Mallory Park, a 1.4-mile exercise in momentum conservation buried within the natural bowl of a sleepy Leicestershire village. Over the past 12 months it’s become something of a second home through the countless laps I’ve raced here with the East Midlands Racing club. I love everything about the place from its glorious history, the 100mph+ Gerards bend, the amazing food in the café, and grazing the shoulder of your leathers on the wall as you dive under someone at Britain’s tightest hairpin.
So bringing the RC390 here was a bit like taking it to meet the family. What would Gerards think of its front end? Would Edwina’s mock its OE tyres? And what would the Kirkby Straight make of the 42bhp motor? And just like that first, all-important meeting, I was nervous, too.
Lined up in the pit lane alongside bigger sportsbikes, the RC390 didn’t look out of place; being reasonably large and sharply styled it definitely cuts a piece of the sportsbike cloth. But with its 375cc engine and short gearing only able to muster a top speed of 105mph, I knew I’d be something of a sitting duck on Mallory’s two straights.
Exiting the pit lane for session one, the little KTM immediately fell behind as the full-sized sportsbikes exercised their cubic capacity advantage and accelerated away on their pre-warmed rubber. But with a couple of laps under our belt and the OE Metzeler Sportec M5 tyres nicely warmed, the KTM was soon back on their tails; our 220kg all-up weight giving us a massive advantage over heavier bike/rider combos as we braked hard into Shaws hairpin.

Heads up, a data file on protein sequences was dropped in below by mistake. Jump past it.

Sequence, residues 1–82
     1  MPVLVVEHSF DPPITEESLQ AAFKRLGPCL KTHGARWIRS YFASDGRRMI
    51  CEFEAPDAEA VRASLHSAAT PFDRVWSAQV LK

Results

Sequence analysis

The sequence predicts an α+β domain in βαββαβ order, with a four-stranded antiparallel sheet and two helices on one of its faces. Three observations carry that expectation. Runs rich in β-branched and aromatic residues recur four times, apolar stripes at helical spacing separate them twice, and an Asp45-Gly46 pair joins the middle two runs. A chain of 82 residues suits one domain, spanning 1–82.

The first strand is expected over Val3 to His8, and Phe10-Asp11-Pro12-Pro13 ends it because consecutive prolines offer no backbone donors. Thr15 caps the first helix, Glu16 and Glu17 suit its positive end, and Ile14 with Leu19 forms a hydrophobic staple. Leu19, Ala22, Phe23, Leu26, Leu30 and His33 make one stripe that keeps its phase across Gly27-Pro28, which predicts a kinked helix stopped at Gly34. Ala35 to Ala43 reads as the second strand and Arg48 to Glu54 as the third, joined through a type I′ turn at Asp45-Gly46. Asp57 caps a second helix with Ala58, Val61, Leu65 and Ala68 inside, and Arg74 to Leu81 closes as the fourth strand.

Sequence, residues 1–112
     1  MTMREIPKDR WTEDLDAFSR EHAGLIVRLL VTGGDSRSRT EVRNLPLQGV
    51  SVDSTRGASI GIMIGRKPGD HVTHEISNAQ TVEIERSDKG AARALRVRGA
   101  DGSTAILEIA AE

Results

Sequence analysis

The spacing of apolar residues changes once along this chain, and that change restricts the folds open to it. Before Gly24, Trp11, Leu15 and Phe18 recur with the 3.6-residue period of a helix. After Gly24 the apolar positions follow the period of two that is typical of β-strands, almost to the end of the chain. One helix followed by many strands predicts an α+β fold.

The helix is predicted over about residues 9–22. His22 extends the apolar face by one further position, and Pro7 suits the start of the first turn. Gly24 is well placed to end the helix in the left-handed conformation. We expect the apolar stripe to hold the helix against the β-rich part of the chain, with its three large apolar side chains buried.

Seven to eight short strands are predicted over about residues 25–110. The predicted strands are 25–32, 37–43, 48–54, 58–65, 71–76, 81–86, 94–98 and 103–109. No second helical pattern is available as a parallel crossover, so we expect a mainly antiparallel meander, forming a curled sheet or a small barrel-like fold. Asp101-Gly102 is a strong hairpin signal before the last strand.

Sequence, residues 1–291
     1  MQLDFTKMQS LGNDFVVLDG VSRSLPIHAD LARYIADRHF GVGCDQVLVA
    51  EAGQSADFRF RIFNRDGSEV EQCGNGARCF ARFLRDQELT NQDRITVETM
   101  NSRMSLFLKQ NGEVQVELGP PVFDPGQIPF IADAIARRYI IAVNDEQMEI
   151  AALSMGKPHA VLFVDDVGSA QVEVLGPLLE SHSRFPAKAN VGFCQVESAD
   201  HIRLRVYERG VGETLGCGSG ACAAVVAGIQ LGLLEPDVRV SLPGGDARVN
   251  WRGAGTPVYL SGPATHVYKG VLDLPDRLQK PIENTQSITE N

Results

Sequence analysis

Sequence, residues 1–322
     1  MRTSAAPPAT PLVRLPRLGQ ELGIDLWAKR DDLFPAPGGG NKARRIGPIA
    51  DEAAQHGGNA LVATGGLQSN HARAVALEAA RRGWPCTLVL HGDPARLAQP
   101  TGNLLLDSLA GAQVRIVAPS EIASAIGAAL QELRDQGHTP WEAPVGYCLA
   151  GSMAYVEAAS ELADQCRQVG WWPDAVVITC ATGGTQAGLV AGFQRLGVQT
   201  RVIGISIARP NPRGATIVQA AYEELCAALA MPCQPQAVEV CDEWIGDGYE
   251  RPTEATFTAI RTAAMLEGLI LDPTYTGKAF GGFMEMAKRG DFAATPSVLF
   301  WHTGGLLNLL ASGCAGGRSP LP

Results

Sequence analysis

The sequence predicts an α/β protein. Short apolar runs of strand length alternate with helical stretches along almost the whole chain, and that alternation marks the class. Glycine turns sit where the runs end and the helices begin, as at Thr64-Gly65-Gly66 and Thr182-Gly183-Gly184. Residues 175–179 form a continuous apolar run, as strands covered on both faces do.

I’d not been able to deactivate the ABS prior to the trackday (I didn’t know how to, but I’ve since read the manual and now know I need to press and hold a ‘secret’ button on the bottom left side of the dash) but the excellent Bosch 9MB system chimes in almost undetected, apart from the fact that you don’t stop in the distance that you expect to and run on at the hairpin!
The ByBre front caliper, although decent enough for road use, really needs a firm squeeze of the lever to get it biting on track, especially when teamed with forks that are on the soft side of compliant. But, like the power delivery from the single-cylinder engine, this inertness means you can really feel like you’re riding hard without running the risk of the KTM biting back.
The Metzelers are the only part of the bike that hasn’t been made in India, but even so I was initially dubious about how they’d perform. I had my question answered in a couple of laps as the pegs scraped around Gerard’s bend, then the rear tyre hop, skipped and jumped out of the exit of Edwina’s chicane.
I tried experimenting with the tyre pressures, but nothing seemed to cure the loose sensation coming from the rear. I also noticed that the rear tyre still had a quarter-inch of ‘chicken strip’ around the edge, so I’m going to experiment with some slightly narrower tyres (140 section instead of 150) which should improve side-grip and help me get the best out of what appears to be a fairly decent chassis.
After another session I found the road pattern gearshift was making it tricky to change up a gear on the exit of Gerards, so I pulled in to see if I could switch it to race pattern. But, after removing the front sprocket cover to prevent it fouling the now inverted shift rod, the clamp wouldn’t align on the gearbox shaft, so I had to stick with road pattern. Apparently KTM do their own adjustable rearsets that allow the switch to GP-shift, so I’ll have to investigate those.
Ready to race? Almost, but not quite…